Last month I mentioned a meeting with The Yahs (see earlier post) to discuss a photo shoot with them.

On Sunday we met up at Comlongon Castle to make it happen.

Various ideas had been discussed, although they all seemed to revolve around lead singer, Grant, being served, supported or waited on by the other members of the band.

Everyone was up for it, committed and patient while I kept making adjustments to lighting, positions and subtle movements, but eventually it all came together.

And I have to say, at the risk of sounding a little self-congratulatory, I'm delighted with how it turned out.


A typical scene of The Yahs just before they go on stage for a gig...

Feel free to click on the image for a slightly larger version

Monday, October 07, 2013

Not photographing...

I met a few well-known people this past week (as in people I've heard of), and several more well-known in particular circles (as in people I haven't heard of but other people have). But I didn't photograph any of them.

Despite the fact my official Wigtown Book Festival pass said:

Kim Ayres
Photographer


which gave me access to them, I didn't actually get round to taking my camera out of the bag slung over my shoulder, at any time.

My purpose at this year's event was to chat to authors to see who might be up for being photographed as a literary character for the Wigtown Book Festival 2015 calendar (see last post about the 2014 calendar, now available). I exchanged contact details with those who expressed an interest and the plan is to arrange the various photo shoots over the coming months.

I've never been awestruck by people I recognise off the TV. When I see them in the flesh they are just a familiar face - rather like seeing someone who works in the post office or supermarket - I recognise them, but I'm aware they would have no idea who I am. I don't think I've ever understood why anyone would want to go up to them and ask for their autograph.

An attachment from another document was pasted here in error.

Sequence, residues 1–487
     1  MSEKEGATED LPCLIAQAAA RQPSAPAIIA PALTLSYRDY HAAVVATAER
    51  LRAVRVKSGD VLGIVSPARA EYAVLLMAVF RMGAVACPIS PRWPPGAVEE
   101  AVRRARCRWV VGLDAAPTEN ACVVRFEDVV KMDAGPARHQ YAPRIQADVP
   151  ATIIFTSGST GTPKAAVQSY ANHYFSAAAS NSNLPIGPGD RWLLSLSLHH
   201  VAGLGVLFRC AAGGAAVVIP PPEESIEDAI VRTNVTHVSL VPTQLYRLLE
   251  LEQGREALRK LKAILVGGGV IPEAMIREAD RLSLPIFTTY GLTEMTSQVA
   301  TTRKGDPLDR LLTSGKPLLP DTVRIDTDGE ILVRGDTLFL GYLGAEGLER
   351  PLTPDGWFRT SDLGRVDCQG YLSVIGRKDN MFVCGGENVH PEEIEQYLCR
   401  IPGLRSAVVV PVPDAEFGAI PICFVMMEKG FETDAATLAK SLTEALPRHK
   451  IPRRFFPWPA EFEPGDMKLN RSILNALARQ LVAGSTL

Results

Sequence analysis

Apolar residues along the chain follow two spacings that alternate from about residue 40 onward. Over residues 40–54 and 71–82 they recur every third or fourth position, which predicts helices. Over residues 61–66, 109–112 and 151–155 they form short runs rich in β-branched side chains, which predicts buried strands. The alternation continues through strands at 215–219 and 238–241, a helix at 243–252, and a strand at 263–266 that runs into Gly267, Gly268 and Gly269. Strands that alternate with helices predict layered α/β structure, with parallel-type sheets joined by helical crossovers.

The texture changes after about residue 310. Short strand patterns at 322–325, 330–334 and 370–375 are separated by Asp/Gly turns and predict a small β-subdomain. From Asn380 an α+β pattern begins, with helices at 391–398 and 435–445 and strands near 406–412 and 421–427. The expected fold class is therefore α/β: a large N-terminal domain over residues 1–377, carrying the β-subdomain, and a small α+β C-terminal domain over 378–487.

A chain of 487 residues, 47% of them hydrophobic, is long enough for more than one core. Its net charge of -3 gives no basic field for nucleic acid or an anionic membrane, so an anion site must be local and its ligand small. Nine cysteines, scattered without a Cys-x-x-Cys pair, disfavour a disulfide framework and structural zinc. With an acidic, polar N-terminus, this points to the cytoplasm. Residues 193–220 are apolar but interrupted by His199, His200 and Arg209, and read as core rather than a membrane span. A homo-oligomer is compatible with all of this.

I can, however, understand the curiosity. Are these people real? Are they anything like us? Or are they a weird alien breed the rest of us mere mortals have no hope of relating to?

By my (admittedly limited) experience, they appear to be just like any other random group of people you or I could meet - some we will relate to, others will feel a bit awkward around unless we discover a common ground, and the rest we will stand there not having a clue what to say and be wondering how we can release ourselves from their presence without causing embarrassment.

Part of this comes from our own ability (or lack thereof) to mix with a wide variety of people, and part comes from theirs. But there is one who has the most amazing people skills I've ever experienced.

Whenever I've seen Joanna Lumley in a documentary I've always been amazed at the way people are utterly charmed by her - not just reacting to someone who is pleasant, but going all gooey. And after her talk at the Festival, the queue at her book signing was huge - by far the longest of any of the authors over the entire 10 days. And not only did everyone want their book signed, they all wanted their photo taken with her - each person handing their phone to the person behind them asking if they would be so kind.

When I met her in the Writer's Retreat - a sort of "green room" for the authors and VIPs - she was every bit as pleasant as you would expect, but it was when she got up to leave that I was hit by the full force of her spell weaving ability.

She touched me lightly on the arm, said something... - and unfortunately I have no idea what, because I was completely caught up in her gaze. She looked at me as though I had 100% of her attention and I was important.

And I started to go all gooey.

It took a few moments for me to compose myself but by then she was heading off and I was left with reality slowly seeping back in, desperately hoping I hadn't said anything stupid.

Not that my daughter cared about any of this. For her the really important person I got to meet was James Morton, runner up in the 2012 Great British Bake Off. Meg was gutted when he didn't win in the final, but beside herself with glee at the idea I might get to photograph him for next year's calendar.

Although it would have completely ruined any air of professional pride and integrity, I think she would have preferred it if I'd handed my camera to the person behind me to get a photo of me and James together...